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Our Country's Good at Shattered Globe Theatre: Theater review

A play is staged by 18th-century Australian convicts in Timberlake Wertenbaker's metatheatrical drama

 (Photograph: Michael Brosilow)
1/5
Photograph: Michael Brosilow

Our Country's Good at Shattered Globe Theatre

 (Photograph: Michael Brosilow)
2/5
Photograph: Michael Brosilow

Mary Franke and Drew Schad inOur Country's Good at Shattered Globe Theatre

 (Photograph: Michael Brosilow)
3/5
Photograph: Michael Brosilow

Kevin Viol and Ben Werling inOur Country's Good at Shattered Globe Theatre

 (Photograph: Michael Brosilow)
4/5
Photograph: Michael Brosilow

Abbey Smith, Christina Gorman and Steve Peebles inOur Country's Good at Shattered Globe Theatre

 (Photograph: Michael Brosilow)
5/5
Photograph: Michael Brosilow

Addison Heimann, Eileen Niccolai and Ben Werling inOur Country's Good at Shattered Globe Theatre

Three years ago, Northwestern neurobiologist Nina Kraus paired up with an L.A.-based nonprofit music education program to prove scientifically what teachers have known on an anecdotal basis forever: better arts education makes for better students, especially when those students reside in hell. Just ask the participants of American prison theater programs, or any one of these 1,500 Cebuan MJ fans. Timberlake Wertenbaker's 1990 metadrama makes a similar argument, pitting forward thinking British Capt. Arthur Phillip (Drew Schad) and 2nd Lt. Ralph Clark (Steve Peebles) against their conservative peers and commanders in a battle for the discipline and moral betterment of an 18th-century Australian penal colony.

Maj. Robbie Ross (a snarling, imposing Ben Werling) and Capt. Watkin Tench (Arch Harmon) believe prisoners needn't be taught anything they couldn't learn by watching their friends dangle at the end of a noose. With no mental stimulation to speak of to be found in the desert wasteland, the threat tactic starts to backfire. Prisoners don't just become desensitized to the carnage; they passively accept it as entertainment. For Shattered Globe Theatre, unceremonious death is at both the forefront of the colonists' minds and Roger Smart's production and set design, which centers on a morbid palm tree grown out of tangled rope. It's an ingeniously simple installation piece made haunting, spectacular even, by the way it looms over every action. Here, not even shade provides relief. In order to supplement justice with rehabilitation—they'll come home eventually, after all—a play's the thing, thinks Philip, and against his incredulous fellow soldier's recommendation, Clark sets out to cast and direct a Restoration comedy, The Recruiting Officer.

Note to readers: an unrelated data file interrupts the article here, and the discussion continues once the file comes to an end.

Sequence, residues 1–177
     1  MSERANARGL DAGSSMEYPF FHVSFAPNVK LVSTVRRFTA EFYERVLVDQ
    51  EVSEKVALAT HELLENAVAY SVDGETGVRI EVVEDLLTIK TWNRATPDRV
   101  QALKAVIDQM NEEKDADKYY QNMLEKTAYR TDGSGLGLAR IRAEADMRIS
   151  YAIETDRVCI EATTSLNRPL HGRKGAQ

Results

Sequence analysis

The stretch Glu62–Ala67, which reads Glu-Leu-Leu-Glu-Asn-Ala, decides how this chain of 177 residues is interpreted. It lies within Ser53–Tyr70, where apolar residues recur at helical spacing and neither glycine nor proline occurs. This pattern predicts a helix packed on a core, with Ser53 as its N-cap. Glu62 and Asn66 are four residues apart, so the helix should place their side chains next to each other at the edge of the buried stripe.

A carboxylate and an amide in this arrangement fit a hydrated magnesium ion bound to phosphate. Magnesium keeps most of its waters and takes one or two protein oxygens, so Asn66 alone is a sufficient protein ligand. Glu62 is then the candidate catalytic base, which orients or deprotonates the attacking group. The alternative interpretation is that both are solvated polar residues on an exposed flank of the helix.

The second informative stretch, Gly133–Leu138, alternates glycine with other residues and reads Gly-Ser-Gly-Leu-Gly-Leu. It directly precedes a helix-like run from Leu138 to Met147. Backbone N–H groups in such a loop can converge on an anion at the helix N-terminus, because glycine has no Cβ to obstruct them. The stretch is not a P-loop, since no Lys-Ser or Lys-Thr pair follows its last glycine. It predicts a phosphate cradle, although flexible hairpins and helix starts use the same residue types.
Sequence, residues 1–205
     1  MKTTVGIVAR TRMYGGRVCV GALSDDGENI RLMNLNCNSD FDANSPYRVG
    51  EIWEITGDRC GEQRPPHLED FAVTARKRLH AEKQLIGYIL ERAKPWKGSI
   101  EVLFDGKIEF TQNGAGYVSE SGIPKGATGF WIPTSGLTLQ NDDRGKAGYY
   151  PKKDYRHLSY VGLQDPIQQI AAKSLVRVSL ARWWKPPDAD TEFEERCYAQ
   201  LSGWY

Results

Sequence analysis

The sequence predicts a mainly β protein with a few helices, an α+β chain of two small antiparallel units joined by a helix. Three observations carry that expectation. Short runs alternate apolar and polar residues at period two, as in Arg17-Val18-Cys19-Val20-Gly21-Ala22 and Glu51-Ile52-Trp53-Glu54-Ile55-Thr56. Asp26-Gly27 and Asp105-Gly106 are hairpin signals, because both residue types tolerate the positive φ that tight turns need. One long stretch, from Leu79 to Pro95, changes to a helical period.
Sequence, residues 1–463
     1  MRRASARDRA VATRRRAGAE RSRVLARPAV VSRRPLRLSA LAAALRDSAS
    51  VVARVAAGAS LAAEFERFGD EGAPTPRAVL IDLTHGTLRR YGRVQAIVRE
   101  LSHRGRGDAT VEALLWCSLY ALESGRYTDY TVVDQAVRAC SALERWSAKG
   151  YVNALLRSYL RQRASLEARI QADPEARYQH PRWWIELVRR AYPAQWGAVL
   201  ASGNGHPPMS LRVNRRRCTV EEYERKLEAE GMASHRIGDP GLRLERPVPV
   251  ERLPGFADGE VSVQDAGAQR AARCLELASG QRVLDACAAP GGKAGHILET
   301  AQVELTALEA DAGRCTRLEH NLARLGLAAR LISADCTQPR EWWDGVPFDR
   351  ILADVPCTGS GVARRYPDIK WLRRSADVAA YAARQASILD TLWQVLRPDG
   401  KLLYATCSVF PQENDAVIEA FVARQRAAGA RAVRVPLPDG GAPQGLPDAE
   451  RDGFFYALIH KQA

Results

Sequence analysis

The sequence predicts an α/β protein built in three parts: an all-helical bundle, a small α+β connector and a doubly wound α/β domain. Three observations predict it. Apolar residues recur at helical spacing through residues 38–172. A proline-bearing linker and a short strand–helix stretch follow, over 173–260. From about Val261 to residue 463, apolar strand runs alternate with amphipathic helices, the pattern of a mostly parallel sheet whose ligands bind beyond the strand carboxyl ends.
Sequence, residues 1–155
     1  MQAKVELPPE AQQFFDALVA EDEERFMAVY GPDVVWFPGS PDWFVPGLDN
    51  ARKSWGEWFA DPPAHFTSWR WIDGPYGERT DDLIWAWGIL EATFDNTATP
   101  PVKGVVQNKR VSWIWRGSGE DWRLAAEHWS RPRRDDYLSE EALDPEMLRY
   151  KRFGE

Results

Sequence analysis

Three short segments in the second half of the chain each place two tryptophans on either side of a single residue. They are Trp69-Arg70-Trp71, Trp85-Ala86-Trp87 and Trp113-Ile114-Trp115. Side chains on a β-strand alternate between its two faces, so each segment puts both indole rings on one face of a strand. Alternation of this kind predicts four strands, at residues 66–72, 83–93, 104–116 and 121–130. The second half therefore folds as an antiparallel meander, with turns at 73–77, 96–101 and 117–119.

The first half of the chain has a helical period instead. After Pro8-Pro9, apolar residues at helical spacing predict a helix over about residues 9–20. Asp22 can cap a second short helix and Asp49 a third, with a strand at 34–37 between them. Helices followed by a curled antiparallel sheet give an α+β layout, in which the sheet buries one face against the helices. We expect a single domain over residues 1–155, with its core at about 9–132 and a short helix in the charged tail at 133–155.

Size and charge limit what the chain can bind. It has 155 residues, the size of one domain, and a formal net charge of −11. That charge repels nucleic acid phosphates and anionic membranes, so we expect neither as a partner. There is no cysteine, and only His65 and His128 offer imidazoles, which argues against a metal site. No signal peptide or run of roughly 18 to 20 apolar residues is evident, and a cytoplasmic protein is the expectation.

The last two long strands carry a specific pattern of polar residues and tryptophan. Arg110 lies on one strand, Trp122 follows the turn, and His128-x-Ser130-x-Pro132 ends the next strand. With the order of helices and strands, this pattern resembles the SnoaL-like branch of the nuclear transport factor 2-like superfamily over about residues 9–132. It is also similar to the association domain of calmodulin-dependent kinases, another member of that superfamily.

Wertenbaker's think piece oscillates between commentary on theatrical tropes (double casting, Brechtian historical distancing) and play-within-a-play hijinks. As an illiterate, venomous outcast starved for an outlet for self-expression and comradery, Eileen Niccolai is a standout in both realms. Smart's production overall, though, seems more at home in chatty, dramaturgical question-and-answer scenes than in the human dramas driving them.

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